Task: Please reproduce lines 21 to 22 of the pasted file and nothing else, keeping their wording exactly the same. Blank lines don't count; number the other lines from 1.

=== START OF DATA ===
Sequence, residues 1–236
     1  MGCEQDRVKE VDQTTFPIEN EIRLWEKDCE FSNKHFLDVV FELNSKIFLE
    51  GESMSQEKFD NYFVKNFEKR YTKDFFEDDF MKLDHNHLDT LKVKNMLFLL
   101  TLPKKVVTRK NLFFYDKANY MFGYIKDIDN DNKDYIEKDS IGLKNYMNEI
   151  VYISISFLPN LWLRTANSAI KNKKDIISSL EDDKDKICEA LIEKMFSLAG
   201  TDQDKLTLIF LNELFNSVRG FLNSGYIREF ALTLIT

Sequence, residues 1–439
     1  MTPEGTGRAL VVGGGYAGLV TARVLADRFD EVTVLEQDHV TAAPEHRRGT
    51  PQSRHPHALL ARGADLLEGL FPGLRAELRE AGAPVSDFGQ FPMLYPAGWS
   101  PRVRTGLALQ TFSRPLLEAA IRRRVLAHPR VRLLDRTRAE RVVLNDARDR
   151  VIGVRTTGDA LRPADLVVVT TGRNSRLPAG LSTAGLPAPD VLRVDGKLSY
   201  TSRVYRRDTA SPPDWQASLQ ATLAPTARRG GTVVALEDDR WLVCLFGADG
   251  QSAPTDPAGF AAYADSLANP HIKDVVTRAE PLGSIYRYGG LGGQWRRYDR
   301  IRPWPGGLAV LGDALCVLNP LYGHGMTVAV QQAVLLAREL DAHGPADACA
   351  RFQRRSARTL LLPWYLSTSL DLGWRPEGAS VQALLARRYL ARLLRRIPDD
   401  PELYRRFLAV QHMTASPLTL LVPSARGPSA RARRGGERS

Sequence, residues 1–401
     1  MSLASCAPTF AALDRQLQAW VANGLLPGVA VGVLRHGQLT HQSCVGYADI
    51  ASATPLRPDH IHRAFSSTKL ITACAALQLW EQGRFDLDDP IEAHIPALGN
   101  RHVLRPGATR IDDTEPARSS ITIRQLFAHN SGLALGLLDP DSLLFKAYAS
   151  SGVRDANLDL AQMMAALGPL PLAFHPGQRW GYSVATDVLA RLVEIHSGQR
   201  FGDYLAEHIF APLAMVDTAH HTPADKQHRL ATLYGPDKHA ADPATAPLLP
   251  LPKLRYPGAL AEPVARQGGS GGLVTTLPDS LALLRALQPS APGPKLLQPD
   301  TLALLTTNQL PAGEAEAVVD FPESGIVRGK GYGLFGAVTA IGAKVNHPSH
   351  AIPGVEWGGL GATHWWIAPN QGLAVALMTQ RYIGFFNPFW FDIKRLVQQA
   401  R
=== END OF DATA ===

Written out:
   151  SGVRDANLDL AQMMAALGPL PLAFHPGQRW GYSVATDVLA RLVEIHSGQR
   201  FGDYLAEHIF APLAMVDTAH HTPADKQHRL ATLYGPDKHA ADPATAPLLP